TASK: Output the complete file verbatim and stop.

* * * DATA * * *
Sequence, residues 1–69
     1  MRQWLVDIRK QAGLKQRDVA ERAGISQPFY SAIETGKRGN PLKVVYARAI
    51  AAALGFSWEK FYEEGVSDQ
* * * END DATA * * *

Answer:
Sequence, residues 1–69
     1  MRQWLVDIRK QAGLKQRDVA ERAGISQPFY SAIETGKRGN PLKVVYARAI
    51  AAALGFSWEK FYEEGVSDQ